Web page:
Brazil wants to keep the dancing going at the World Cup when it faces Croatia on Friday with a spot in the semifinals on the line.
The Brazilians have made it clear they will not back from their goal celebrations in Qatar despite criticism by some.
“It’s part of the Brazilian culture,” Brazil coach Tite said Thursday. “It’s not about disrespecting our opponents. It’s just who we are.”
Tite himself was dancing with his players after Brazil scored in the 4-1 win against South Korea in the round of 16 on Monday. Former Manchester United midfielder Roy Keane was among those criticizing the Brazilians for their dancing.
Brazil forward Vinícius Júnior also promised more dancing if Brazil keeps succeeding.
“The goal is the most important moment in soccer, not only for those who score them but for the entire country,” said Vinícius Júnior, who had already been criticized for his dances while with Real Madrid. “We still have many celebrations left, and hopefully we can keep scoring and dancing like this until the final.”
Brazilian players had said before the tournament started that they had several goal celebrations prepared ahead of time.
To keep dancing, though, Brazil will have to get past a tough Croatia side that is led by Luka Modric and trying to return to the World Cup final four years after falling short of the title against France.
“We want to do more,” Modric said. “We must not be satisfied only with reaching the quarterfinals. We know that we have a strong opponent ahead of us. We have our own strengths and we have faith in ourselves.”
Modric knows some of the Brazilians well, as he plays with Vinícius Júnior, Rodrygo and Éder Militão at Madrid, which also had Casemiro in the squad until recently. Vinícius Júnior said Modric was a reference for him, and that he learned a lot from the 37-year-old veteran midfielder.
“It’s very nice to hear Vini compliment me. He is a great guy and we have a very strong relationship,” Modric said. “He’s made progress since joining Real Madrid and has been showing that at the World Cup. We have a difficult task to try to stop him. If I can give my teammates a tip or two on how to neutralize him and on how to make his job more difficult, of course I’ll do it.”
Like Brazil, Croatia conceded only twice so far at the World Cup. The team defeated Canada 4-1 before 0-0 draws against Morocco and Belgium in the group stage. Croatia drew 1-1 with Japan in extra time in the round of 16, eventually winning in a penalty shootout.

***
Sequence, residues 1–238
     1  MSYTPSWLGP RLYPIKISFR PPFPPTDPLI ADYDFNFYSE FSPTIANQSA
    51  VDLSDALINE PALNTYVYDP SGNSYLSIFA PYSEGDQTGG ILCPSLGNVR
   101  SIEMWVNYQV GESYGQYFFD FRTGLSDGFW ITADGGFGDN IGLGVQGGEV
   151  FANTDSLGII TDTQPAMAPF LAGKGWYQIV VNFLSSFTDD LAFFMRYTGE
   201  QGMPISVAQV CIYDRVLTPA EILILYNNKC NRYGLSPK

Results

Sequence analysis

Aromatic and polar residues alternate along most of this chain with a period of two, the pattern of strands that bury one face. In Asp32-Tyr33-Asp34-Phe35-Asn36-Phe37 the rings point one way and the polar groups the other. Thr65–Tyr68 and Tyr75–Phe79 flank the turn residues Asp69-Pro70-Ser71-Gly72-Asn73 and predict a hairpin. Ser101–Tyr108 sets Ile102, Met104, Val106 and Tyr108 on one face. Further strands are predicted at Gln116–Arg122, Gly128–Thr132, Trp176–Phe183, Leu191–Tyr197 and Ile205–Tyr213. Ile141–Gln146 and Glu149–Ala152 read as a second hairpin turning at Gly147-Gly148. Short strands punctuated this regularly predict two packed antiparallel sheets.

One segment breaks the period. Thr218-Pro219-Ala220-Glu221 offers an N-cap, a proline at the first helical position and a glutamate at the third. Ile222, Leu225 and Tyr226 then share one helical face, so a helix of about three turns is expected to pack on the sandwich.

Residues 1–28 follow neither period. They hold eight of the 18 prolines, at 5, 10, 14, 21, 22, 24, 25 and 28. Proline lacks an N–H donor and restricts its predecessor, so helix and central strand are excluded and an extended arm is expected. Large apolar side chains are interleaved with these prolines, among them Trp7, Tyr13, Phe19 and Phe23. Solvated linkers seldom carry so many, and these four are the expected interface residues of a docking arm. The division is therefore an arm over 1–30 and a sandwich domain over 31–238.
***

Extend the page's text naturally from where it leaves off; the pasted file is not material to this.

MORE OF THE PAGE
Four of the last five matches by Croatia at World Cups have gone to extra time. The national team has been successful in seven of its last nine knockout matches at the tournament.
“They have great quality and a lot of resiliency,” Tite said. “Brazil will try to keep doing what has worked so far, and then we’ll see which team can advance.”
Brazil is looking for the team’s first victory over a European team in the knockout stage of the World Cup since the South Americans’ win against Germany in the 2002 final.
Brazil opened this tournament with wins over Serbia and Switzerland before losing to Cameroon with the team’s reserve squad in its final group game. The Seleção dominated from the start in its win against South Korea in the last 16.
Neymar, another Brazilian who celebrated by dancing, is set to start again after returning to the lineup against South Korea following a right ankle injury sustained in the opening win against Serbia.
Danilo, who also had been nursing an ankle injury, was expected to start as well, but left back Alex Sandro, who was returning from a hip injury, isn’t likely to be in the mix against Croatia.
Brazil will be playing in its eighth straight World Cup quarterfinal, and 14th overall — joint-most with Germany. The national team has lost three of its last four quarterfinal appearances, and was embarrassed as the host nation in the 2014 semifinal in a 7-1 defeat to Germany.